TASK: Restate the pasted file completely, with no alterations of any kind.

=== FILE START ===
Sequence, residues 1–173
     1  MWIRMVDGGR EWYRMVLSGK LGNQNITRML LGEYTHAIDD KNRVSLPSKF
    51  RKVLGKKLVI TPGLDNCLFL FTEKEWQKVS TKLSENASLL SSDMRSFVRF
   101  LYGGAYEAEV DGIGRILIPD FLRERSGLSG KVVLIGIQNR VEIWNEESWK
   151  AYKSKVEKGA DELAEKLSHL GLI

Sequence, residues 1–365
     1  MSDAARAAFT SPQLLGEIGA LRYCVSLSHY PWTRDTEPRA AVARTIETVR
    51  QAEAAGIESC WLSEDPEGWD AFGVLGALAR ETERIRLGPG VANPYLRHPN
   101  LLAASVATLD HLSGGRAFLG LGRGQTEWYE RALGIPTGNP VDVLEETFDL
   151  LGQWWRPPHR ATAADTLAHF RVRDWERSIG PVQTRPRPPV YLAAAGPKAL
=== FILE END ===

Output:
Sequence, residues 1–173
     1  MWIRMVDGGR EWYRMVLSGK LGNQNITRML LGEYTHAIDD KNRVSLPSKF
    51  RKVLGKKLVI TPGLDNCLFL FTEKEWQKVS TKLSENASLL SSDMRSFVRF
   101  LYGGAYEAEV DGIGRILIPD FLRERSGLSG KVVLIGIQNR VEIWNEESWK
   151  AYKSKVEKGA DELAEKLSHL GLI

Sequence, residues 1–365
     1  MSDAARAAFT SPQLLGEIGA LRYCVSLSHY PWTRDTEPRA AVARTIETVR
    51  QAEAAGIESC WLSEDPEGWD AFGVLGALAR ETERIRLGPG VANPYLRHPN
   101  LLAASVATLD HLSGGRAFLG LGRGQTEWYE RALGIPTGNP VDVLEETFDL
   151  LGQWWRPPHR ATAADTLAHF RVRDWERSIG PVQTRPRPPV YLAAAGPKAL